“Everyone is born a distinctly unique person, but somewhere in life they are enclosed in a little ring and are expected to stay there and imitate everyone around them,” my sixteen-year-old cousin, Austin says very seriously. We’re outside the Staples Center in Downtown Los Angeles, among throngs of people dressed in everything from jeans and T-shirts, latex body suits, spiked heels and mesh tops.
And we’re all on our way to see one woman: the indomitable Lady Gaga.
“People are forced to give up their individuality for social acceptance,” he continues, briefly glancing at the group of Christian protestors who stand holding brightly colored signs condemning gays, non-believers, and Gaga concert goers alike. Austin barely gives them a second look. “Lady Gaga represents all the people who bravely stepped outside of that ring and were judged for being different than everyone else around them. She truly represents the push to get people to live how they truly are: indifferent about the world’s beliefs.”
Wow, I think. Someone is totally drunk on Gaga Kool-Aid.
For those who don’t know the story of Lady Gaga, a.k.a. Mother Monster, a.k.a. Stefani Joanne Angelina Germanotta —and to be fair, I didn’t know her real name until I sat down to write this—she was once like many young girls who dreamed that someday they would be a star.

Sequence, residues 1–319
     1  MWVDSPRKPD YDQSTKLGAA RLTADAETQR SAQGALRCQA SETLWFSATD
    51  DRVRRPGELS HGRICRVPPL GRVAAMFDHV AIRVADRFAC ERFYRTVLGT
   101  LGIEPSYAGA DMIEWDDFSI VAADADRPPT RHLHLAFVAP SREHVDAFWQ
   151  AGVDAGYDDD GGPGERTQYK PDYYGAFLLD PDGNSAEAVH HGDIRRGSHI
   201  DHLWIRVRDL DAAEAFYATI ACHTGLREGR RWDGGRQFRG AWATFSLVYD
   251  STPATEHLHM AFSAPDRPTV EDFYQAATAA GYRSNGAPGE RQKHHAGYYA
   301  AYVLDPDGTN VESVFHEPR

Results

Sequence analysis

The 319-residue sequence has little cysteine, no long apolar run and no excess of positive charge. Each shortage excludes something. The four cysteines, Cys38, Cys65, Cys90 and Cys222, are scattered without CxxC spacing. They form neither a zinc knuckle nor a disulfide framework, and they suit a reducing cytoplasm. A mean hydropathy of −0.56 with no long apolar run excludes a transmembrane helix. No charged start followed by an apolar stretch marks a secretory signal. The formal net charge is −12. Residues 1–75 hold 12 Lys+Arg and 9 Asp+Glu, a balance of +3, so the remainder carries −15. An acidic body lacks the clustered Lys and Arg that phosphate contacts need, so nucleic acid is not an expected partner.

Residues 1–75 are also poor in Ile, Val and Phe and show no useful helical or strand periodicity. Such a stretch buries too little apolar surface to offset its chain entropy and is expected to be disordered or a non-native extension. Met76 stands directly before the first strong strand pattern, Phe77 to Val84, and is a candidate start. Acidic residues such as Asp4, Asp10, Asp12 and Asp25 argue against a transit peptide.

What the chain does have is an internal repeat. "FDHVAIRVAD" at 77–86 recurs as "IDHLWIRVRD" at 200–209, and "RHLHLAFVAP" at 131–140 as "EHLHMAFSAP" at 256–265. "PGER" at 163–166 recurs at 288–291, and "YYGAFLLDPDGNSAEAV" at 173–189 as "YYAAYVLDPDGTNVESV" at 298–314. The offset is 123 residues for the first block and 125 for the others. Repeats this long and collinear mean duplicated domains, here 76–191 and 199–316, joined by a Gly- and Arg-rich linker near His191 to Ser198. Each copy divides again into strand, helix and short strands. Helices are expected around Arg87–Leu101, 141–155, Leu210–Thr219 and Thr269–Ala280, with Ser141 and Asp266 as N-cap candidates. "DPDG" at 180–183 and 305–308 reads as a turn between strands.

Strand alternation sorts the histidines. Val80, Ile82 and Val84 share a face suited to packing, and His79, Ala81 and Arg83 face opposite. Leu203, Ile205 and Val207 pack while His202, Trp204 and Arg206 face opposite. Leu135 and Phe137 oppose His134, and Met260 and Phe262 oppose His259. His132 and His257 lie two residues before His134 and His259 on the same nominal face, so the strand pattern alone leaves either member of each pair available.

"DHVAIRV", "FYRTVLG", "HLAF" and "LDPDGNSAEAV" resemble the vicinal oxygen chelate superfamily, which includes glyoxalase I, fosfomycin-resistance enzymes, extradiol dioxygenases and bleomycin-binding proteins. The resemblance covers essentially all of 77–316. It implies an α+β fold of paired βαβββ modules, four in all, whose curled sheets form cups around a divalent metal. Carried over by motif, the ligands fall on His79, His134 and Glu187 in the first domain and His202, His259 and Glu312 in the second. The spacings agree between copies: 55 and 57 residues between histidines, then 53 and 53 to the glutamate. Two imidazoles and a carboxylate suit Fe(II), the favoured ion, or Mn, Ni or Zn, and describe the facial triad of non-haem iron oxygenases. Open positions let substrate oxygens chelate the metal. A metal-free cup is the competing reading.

While she was waiting tables and go-go dancing in New York City, struggling to get by, she would look up at the big city lights on Broadway and imagined being famous. Now, she no longer has to. Once a young woman who was scrutinized by society, she is now the voice of millions of “degenerates” around the globe.
Austin is not alone in his enthusiasm. Before we even get through the venue doors, the energy outside is heavy with excitement. Loyal fans from all over scramble to get their hands on the latest tour merchandise. But, amidst the money-making, Gaga has set up a shrine to her own struggles. The Born Brave Bus, which is an extension of her Born This Way Foundation, is a way to give the nation’s teen’s free help in a non-judgmental environment. The Bus offers free private and group counseling before every show for people 25 and under who are dealing with depression and bullying.
It’s very rare to see such a passionate devotion between an artist and her fans. While Lady Gaga is known for giving courage to the gay and lesbian community, her following isn’t defined by a particular type of group or people. And though I would never have described myself a fan—I’m basically someone who liked to shake my ass to “Just Dance” and “Edge of Glory”—there was something impressive about seeing all these different types of people converging for this one woman’s music and inspirational messages.
Cue to next scene: thousands of relentless chants from the singer’s Little Monsters fill the arena, all begging for the curtain to drop. Then it happens. Gaga emerges from a three-story lit up fortress that strangely reminded me of a Disney castle play set that I had as a kid – complete with its hidden compartments and movable towers. She struts along the stage riding a motorized stallion for her opening song “Highway Unicorn (Road to Love),” performing in such a way that I almost forget she just put on a similar show the night before.